With immunotherapy as a key treatment for melanoma, dermatologists should be prepared to treat its cutaneous side effects and refer for adrenal sufficiency, uveitis, thyroid disease and other non-cutaneous side effects.
PARISâAs a dermatologist, you may not necessarily think that your role involves managing adverse effects associated with immunotherapy because you may not be the one to prescribe it. Furthermore, once you evaluate cutaneous signs in a patient, you may think that your job is done and in the hands of the oncologist.
For Jean Bolognia, M.D., professor of dermatology at Yale University School of Medicine, these are not convincing arguments. She suspects that dermatologists will not only be concerned in the future with managing side effects from new systemic therapies for melanoma, but also for other types of cancer (e.g., lung or bladder cancer) where immunotherapy is also being prescribed.
This week, at the 2018 European Academy of Dermatology and Venereology (EADV) Congress, Dr. Bolognia presented compelling information the dermatologist’s expanding role in the differential diagnosis of cutaneous side effects, as well as their pharmacological management after immunotherapy treatment.
You will need to become more involved with advising patients suffering from melanoma who receive immunotherapy, especially in the adjuvant setting, and what side effects they may experience. Bolognia notes that patients with stage four melanoma may be more willing to accept rare side effects, but with stage three melanoma and no evidence of disease, rare life-threatening side effects become more of an issue because it is a risk-benefit ratio.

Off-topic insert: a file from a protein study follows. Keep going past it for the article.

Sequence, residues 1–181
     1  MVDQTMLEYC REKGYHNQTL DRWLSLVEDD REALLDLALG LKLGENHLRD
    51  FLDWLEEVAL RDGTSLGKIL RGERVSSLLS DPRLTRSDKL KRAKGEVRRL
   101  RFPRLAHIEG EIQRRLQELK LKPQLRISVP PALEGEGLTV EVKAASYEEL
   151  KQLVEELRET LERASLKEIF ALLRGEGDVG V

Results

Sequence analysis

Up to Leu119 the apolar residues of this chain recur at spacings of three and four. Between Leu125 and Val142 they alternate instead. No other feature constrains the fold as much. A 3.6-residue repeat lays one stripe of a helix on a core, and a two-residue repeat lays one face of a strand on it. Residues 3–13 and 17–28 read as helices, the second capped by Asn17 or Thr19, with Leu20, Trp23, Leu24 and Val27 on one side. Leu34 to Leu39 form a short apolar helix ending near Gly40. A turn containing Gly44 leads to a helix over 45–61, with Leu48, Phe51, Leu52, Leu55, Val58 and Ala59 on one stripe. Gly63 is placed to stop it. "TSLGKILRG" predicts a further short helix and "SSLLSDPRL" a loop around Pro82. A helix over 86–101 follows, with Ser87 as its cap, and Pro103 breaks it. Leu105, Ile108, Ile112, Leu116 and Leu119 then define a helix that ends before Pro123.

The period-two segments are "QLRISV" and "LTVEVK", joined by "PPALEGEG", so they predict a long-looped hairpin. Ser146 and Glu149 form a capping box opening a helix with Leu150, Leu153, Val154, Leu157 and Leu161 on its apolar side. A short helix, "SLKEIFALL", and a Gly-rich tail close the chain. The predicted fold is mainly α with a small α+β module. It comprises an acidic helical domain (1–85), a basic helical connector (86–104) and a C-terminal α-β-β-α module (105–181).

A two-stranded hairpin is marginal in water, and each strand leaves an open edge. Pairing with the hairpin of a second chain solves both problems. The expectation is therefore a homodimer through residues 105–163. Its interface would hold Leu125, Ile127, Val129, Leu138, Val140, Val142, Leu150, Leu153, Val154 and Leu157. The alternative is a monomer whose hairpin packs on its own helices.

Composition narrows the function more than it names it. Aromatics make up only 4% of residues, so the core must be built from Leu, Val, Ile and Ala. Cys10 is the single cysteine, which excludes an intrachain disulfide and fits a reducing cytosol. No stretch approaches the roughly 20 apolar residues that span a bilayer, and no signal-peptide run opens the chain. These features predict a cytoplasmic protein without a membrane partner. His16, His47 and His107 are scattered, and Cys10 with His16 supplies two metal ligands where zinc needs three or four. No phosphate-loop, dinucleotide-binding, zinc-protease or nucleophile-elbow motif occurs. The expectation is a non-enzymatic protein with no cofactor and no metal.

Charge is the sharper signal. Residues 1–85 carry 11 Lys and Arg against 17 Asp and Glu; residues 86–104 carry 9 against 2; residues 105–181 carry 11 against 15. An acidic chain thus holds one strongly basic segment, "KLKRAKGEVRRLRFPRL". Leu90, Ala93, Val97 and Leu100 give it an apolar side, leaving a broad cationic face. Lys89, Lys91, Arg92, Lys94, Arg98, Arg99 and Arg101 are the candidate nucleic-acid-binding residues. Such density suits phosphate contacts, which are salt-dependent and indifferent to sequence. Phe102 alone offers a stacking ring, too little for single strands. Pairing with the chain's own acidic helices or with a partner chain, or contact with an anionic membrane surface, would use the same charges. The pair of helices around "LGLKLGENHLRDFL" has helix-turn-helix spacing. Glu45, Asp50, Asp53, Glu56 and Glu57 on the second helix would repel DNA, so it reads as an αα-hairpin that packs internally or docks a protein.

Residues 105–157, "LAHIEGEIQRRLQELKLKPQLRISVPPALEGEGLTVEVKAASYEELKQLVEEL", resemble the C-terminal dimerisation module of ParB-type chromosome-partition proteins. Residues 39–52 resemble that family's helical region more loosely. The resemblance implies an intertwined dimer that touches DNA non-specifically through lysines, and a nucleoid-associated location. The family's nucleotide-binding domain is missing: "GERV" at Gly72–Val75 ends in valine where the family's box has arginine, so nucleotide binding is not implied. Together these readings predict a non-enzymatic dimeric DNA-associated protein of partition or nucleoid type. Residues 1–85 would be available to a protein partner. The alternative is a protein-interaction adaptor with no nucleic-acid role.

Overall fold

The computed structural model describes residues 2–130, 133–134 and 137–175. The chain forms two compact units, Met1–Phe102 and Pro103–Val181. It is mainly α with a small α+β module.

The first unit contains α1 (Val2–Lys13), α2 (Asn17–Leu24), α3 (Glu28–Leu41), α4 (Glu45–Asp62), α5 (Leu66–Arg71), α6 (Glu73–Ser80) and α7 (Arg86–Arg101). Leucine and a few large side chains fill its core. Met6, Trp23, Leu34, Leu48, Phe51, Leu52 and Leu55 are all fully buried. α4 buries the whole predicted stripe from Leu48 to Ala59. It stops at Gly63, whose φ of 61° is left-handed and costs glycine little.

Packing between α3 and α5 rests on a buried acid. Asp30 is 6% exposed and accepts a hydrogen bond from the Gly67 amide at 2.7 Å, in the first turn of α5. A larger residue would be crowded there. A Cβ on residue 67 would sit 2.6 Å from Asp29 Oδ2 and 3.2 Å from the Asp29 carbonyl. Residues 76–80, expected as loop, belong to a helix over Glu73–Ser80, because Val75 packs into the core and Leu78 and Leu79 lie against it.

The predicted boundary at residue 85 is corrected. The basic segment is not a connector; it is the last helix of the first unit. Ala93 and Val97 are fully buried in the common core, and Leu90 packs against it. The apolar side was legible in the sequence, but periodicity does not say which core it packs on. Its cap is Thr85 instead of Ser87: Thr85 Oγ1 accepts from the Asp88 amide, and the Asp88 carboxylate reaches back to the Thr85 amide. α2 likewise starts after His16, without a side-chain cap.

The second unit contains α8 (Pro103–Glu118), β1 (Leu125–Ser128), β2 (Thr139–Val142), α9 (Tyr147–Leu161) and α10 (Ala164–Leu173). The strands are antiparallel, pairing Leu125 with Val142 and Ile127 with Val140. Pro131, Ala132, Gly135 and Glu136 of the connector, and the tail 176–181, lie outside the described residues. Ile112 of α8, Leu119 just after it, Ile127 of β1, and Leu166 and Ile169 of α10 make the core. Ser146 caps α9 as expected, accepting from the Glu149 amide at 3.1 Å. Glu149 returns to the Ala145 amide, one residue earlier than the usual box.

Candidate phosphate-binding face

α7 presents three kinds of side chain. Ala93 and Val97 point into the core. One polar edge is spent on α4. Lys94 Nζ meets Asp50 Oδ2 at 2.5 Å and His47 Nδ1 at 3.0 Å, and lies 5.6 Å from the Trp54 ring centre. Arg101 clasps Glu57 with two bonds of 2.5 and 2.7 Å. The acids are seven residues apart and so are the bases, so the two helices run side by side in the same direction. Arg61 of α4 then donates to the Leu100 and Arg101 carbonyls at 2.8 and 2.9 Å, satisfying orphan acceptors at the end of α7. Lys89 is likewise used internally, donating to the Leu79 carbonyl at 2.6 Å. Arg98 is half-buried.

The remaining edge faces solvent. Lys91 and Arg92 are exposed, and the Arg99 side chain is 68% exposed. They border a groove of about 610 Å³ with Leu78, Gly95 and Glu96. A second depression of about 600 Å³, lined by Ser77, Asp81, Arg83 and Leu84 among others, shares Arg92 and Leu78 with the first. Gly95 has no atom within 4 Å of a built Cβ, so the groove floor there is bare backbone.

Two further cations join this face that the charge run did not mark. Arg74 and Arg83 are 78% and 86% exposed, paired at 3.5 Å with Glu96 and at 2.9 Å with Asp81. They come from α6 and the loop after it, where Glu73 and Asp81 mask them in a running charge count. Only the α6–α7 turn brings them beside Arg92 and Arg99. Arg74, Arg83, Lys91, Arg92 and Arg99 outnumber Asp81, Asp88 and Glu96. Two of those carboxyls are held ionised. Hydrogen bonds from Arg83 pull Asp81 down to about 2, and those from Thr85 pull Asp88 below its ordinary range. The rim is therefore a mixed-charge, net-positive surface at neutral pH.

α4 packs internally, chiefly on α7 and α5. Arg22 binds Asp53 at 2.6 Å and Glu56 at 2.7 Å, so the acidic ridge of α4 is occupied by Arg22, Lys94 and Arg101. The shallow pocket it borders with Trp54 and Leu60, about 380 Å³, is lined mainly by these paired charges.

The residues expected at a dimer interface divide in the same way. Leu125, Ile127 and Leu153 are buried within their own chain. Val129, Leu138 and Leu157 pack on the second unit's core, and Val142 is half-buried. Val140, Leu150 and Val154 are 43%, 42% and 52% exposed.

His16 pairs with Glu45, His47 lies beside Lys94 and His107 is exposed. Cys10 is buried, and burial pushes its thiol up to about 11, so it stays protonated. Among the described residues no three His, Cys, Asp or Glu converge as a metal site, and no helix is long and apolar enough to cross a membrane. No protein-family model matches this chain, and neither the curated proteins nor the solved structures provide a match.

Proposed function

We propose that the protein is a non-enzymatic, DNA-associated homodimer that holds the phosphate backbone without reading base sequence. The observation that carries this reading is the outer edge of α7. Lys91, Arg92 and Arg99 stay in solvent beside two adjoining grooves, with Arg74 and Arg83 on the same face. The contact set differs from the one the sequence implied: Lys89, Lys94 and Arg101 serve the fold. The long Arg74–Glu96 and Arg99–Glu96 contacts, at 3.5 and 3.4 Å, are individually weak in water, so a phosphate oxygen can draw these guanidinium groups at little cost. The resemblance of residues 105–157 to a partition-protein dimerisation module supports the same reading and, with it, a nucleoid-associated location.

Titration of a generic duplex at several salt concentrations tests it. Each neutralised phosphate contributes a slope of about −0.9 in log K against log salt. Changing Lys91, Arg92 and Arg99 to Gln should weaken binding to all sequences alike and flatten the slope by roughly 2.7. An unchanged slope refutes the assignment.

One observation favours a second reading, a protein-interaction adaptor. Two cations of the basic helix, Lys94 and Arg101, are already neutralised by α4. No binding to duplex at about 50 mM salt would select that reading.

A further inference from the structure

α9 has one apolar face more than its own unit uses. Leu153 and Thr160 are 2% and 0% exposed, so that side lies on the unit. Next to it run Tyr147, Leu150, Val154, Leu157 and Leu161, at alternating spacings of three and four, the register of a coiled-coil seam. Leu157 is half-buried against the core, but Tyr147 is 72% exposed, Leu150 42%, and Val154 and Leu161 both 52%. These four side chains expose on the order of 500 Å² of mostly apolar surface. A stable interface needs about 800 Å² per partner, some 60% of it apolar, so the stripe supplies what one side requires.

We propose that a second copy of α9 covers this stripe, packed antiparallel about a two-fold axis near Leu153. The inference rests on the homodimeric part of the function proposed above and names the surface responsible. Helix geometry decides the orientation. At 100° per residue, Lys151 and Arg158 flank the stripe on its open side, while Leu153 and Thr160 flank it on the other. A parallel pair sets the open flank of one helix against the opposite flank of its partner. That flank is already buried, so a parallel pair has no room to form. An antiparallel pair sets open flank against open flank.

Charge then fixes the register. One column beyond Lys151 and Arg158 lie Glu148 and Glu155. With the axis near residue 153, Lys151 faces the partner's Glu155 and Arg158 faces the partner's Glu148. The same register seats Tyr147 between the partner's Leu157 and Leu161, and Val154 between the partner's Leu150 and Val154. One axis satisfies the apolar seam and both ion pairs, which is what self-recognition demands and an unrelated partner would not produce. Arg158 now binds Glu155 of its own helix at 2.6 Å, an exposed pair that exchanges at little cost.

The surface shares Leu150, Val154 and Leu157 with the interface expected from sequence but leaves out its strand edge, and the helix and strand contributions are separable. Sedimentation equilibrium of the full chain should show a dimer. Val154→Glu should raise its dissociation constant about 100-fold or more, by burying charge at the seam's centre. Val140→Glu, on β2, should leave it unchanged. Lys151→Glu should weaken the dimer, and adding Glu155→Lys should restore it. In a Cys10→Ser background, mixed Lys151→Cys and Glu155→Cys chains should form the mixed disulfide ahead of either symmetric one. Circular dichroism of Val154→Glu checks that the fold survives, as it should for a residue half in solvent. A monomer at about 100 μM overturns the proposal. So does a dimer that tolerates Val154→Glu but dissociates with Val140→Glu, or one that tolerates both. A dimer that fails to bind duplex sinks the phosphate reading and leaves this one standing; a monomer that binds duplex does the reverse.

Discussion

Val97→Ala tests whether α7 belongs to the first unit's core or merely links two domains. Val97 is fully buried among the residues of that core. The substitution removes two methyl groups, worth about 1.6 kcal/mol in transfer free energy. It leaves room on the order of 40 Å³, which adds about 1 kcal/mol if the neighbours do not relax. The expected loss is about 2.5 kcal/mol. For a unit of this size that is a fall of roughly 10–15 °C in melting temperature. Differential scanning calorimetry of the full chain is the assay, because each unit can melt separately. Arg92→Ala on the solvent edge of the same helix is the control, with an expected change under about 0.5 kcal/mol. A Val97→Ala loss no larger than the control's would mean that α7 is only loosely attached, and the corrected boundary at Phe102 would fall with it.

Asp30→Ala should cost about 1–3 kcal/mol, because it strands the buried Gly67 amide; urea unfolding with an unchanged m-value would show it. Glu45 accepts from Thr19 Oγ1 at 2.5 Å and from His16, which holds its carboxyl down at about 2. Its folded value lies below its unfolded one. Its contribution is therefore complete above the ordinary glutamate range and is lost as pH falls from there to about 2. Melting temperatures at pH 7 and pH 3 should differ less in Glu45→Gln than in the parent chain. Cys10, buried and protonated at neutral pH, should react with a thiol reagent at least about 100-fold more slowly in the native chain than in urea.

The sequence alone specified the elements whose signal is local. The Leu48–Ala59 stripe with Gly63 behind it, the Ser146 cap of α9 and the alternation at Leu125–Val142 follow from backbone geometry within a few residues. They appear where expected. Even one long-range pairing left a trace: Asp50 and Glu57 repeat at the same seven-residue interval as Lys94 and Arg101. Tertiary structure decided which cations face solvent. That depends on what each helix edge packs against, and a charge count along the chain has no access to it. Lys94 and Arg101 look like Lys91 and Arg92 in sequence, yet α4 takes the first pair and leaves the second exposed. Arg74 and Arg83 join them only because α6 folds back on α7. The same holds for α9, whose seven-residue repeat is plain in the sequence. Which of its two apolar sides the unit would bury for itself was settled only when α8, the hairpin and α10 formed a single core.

SIDE EFFECTS OF IMMUNOTHERAPY
You are inhibiting an inhibitory signal when giving antibodies as immunotherapy, and this leads to immune stimulation. In the case of vitiligo, you are already aware that autoimmune endocrinopathies can occur. Dr. Bolognia recommends that instead of memorizing a list of side effects, you need to make links to what you already know. Therefore, it is not surprising that patients may experience adrenal sufficiency, uveitis, and thyroid disease, among other problems. Even when you see a patient for a reason besides cutaneous side effects (e.g. screening patients who are at high risk for developing a second melanoma), if they do not feel well, you need to think about the possibility that they have low adrenal or thyroid function.
Pulmonary and cardiac side effects can be fatal, and so these potential side effects need to be considered, particularly in the adjuvant setting. You may see patients who develop cutaneous sarcoidosis, and so you as a dermatologist can advise other physicians caring for the patient regarding the differential diagnosis if pulmonary lesions occur (i.e. sarcoidosis rather than metastatic disease).
As Dr. Bolognia advises, it is important that you as a dermatologist realize that you will likely see more and more patients for cutaneous side effects following immunotherapy, both in melanoma and beyond.
Jean Bolognia, M.D. “Adverse effects of immunotherapies” (abstract # D1T06.4D), EADV 2018 Meeting, Paris, France, September 13, 4-4:20p.m.